Feden then slammed Bliss for her “character assassination” of the women, calling her remarks “utterly shameful.”

And prosecutor M. Stewart Ryan accused the defense of trying “to shame, to blame and to re-victimize. We’ve seen that repeated throughout the course of this trial.”

He urged the jury to convict the entertainer. “It’s time for each and every one of you to stand with Andrea Constand and look that man in the eye and tell him the truth about what he did,” said Ryan.

Mesereau at times seemed to scoff at the prosecution’s case. He urged jurors to reject the testimony of Constand.

“You’re dealing with a pathological liar, members of the jury,” he said.

Constand is one of dozens of women who have accused Cosby of drugging and then assaulting them — but she is the only one whose allegation became the focus of a criminal case.

Mesereau focused with laser-like intensity on records of phone calls between Cosby and Constand in January 2004 – the month she says he assaulted her – and said the incident could not have happened in January.

He told jurors that Constand testified that, on the night in question, she drove to his Elkins Park, Pa., home and called him from her car to tell him she had arrived. But Mesereau went through the records of the phone calls and said that there were no phone calls that entire month from Constand’s cell phone to Cosby’s home.

Mesereau told jurors that Constand, who received a settlement of nearly $3.4 million after filing a lawsuit against Cosby, was out for his money.

Bill Cosby got conned big time,” said Mesereau, who said that the entertainer is an 80-year-old man “on trial for his life… She is a con artist.”

Bliss told jurors they should rely heavily on the testimony of key defense witness Marguerite Jackson, who said that Constand once confided that she could set up a high-profile person in order to get money to go back to school and start a business.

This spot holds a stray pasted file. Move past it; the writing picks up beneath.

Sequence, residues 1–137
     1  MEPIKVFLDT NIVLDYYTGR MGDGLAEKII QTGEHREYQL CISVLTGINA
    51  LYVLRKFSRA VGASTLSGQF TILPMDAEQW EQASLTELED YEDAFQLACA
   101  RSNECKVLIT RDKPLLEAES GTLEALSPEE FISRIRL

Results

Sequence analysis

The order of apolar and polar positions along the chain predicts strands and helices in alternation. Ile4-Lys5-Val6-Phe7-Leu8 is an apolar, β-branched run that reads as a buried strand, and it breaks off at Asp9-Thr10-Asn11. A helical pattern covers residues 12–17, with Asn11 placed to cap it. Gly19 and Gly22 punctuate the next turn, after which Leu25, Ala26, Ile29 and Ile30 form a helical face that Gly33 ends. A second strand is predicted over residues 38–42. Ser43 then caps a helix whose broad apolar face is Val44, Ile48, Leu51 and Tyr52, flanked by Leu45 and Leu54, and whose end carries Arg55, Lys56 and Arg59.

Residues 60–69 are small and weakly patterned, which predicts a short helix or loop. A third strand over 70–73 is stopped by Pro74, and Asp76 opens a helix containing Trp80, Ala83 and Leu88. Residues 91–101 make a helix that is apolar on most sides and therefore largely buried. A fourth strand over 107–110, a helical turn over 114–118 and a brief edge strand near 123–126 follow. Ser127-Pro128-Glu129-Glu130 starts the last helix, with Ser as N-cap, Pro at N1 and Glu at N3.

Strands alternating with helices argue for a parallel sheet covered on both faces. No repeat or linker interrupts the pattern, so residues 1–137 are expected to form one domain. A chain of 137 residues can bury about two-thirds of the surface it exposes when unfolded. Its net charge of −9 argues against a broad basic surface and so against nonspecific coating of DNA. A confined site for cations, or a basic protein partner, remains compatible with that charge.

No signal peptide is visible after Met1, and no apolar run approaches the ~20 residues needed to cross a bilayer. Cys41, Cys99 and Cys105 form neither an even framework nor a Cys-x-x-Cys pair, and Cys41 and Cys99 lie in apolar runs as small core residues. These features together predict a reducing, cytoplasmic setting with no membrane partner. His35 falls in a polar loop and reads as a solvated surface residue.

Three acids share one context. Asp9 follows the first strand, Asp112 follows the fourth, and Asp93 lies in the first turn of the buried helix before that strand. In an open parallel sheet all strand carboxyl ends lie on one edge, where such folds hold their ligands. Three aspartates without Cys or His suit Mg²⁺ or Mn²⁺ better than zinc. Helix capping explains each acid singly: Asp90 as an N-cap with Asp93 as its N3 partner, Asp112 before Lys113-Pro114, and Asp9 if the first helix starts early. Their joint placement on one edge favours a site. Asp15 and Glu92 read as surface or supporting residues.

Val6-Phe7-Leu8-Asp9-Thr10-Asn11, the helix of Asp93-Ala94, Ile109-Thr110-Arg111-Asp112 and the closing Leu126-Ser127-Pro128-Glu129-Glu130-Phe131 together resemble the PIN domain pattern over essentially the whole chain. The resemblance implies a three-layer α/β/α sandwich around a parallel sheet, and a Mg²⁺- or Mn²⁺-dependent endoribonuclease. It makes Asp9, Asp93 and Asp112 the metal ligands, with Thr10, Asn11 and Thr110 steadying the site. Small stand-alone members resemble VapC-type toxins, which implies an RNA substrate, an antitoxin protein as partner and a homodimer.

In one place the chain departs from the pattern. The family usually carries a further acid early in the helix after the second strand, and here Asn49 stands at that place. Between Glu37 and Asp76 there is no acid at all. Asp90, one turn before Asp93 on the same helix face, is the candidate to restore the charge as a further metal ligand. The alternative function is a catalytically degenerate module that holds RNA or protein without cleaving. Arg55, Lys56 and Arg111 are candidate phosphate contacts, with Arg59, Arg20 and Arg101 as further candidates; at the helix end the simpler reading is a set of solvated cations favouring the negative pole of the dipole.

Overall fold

Jackson told the jury that Constand made the comment when they were rooming together during a team road trip to Rhode Island in February 2004.

Jackson, who at the time was an academic counselor for the basketball team, told the jury that they were watching TV when a news report came on about some well-known figure being accused of sexual assault in a civil case. Constand, she said, told her that “she had something similar happen to her” but had not reported the incident because she couldn’t prove it.

Jackson said she asked Constand repeatedly whether something like that had actually happened, and that Constand finally replied, “no, it didn’t” but that she “could say it did” in order to get money.

Constand told the jury that she left Temple shortly after Cosby assaulted her and returned home to Canada, where she went to school for massage therapy. She eventually filed a lawsuit against Cosby and received the settlement.

She said when she went to his home in Montgomery County in early 2004, he offered her three pills to help her relax. Believing the pills to be some kind of an herbal remedy, she said she took them because she trusted him, and soon became incapacitated. Then, she said, she felt his fingers inside of her.

“I couldn’t fight him off,” said Constand.